Energy Delivery System (EDS) Gap Analysis

Although sensors are widely deployed in EDS (transmission and distribution, oil & gas networks), the sensors, i.e., energy-specific cyber-metadata collectors, are themselves vulnerable to failure and attacks. If the EDS is attacked, these sensors become unresponsive, with the result that either the incident cannot be reported to the control center, or they reveal false information.

This activity addresses physical failures and cyber-attack-induced failures in EDS sensor and secure data collection networks by designing an authentication and data collection framework so as to enhance the responsiveness of EDS sensors (e.g., valves and pumps in transmission O&G networks and SCADA gas meters in distribution O&G networks).

Reference the research activity fact sheet (PDF) for an extended gap analysis and bibliography.

How does this research activity address the Roadmap to Achieve Energy Delivery Systems Cybersecurity?
Our resilient framework addresses the “development and implementation of new protective measures to reduce risk” as well as “sustainability of security improvements” in the road map.

New protective measures to reduce risks: With our resilient framework, we are developing new protocols among sensor networks and new software primitives residing within sensors, which collect sensor measurements from oil pipelines and forward these to the data collection nodes and control centers for an operator to assess the health of pipelines. The new protocols and software functions utilize new capabilities such as different ranges of wireless network technology (e.g., some of the sensors have short-range transmission capabilities, some sensors have long-range transmission capabilities) and we investigate the placement of sensors with different transmission capabilities with the ultimate goals of resiliency against physical damage or cyber-attacks on sensors. Furthermore, the new protocols and functions utilize new capabilities such as “array of things” where multiple IoT (Internet of Things) devices (e.g., temperature, pressure, GPS, wind velocity) cluster together in one sensor node (box) of the pipeline sensor network, providing auxiliary information to each other. This approach allows the sensors to achieve  better resilience against failures because not all IOT devices may be attacked at the same time or fail at the same time. Hence, each sensor node with multiple IoT devices has diverse contextual information to make advanced decisions how to route if some IoT devices fail.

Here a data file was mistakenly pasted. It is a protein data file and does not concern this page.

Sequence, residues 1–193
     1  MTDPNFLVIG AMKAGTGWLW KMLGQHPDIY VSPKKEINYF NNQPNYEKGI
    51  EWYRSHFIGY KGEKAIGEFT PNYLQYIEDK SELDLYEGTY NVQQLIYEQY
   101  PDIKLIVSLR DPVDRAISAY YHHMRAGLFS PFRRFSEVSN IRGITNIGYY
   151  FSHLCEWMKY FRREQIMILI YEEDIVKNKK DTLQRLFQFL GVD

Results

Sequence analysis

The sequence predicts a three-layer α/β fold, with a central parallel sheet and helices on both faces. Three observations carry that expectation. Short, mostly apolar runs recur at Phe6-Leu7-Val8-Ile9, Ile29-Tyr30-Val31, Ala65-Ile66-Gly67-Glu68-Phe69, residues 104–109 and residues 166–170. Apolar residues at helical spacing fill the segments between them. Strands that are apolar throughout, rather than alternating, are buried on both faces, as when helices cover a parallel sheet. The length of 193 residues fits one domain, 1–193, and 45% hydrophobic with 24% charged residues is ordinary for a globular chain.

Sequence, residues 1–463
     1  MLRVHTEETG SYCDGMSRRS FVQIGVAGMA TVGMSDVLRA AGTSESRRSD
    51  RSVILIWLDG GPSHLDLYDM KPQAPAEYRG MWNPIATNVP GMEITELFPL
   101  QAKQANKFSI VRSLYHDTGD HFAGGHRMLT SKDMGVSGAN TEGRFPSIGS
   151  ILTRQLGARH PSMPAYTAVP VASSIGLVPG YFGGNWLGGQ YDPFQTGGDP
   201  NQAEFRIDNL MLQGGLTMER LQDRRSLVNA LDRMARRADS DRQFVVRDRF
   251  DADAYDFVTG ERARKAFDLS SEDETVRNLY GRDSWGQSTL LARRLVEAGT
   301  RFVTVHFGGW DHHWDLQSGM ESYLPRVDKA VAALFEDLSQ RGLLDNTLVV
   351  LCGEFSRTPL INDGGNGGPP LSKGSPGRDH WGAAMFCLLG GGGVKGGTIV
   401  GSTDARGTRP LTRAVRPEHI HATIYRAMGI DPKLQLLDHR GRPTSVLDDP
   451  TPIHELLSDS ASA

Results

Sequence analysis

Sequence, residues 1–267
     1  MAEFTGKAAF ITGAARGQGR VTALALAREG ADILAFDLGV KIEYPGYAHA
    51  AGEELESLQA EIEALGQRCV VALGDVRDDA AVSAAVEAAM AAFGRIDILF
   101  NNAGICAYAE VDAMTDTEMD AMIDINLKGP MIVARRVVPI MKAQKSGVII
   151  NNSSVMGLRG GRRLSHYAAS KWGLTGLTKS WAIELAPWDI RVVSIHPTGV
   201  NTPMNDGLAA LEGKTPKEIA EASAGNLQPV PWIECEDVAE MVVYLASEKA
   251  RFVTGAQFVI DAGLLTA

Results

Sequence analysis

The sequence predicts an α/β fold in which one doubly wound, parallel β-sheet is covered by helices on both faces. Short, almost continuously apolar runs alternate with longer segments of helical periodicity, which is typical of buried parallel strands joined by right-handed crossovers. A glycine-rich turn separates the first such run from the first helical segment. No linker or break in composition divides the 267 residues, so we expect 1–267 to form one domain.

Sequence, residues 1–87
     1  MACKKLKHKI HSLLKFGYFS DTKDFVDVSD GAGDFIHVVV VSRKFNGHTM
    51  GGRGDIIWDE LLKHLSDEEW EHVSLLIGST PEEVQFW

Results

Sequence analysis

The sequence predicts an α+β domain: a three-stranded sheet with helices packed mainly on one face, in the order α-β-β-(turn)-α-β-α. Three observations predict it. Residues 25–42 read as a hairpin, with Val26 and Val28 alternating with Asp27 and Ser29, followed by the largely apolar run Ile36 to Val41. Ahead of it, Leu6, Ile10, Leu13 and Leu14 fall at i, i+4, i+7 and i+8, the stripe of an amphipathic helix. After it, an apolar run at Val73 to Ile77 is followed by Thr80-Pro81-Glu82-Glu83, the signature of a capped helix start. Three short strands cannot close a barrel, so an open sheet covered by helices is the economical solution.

Security improvements:  One important aspect of introducing array of things as a sensor node is that one can upgrade the sensor node gradually by replacing individual IoT devices and sustain security improvements as IoT device technology advances.

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  • Status of Activity
    • Inactive
  • Activity Leads
  • Related Researchers
  • Industry Collaborators
    • Currently seeking collaborators from industry, power utilities, or national labs who would like to collaborate with us on trusted sensor networks that allow access to the information about the situation awareness and health of power, oil and gas physical infrastructures (power lines, gas pipelines, refineries).
    • Contact Klara Nahrstedt to discuss how we can exchange ideas or collaborate with our team.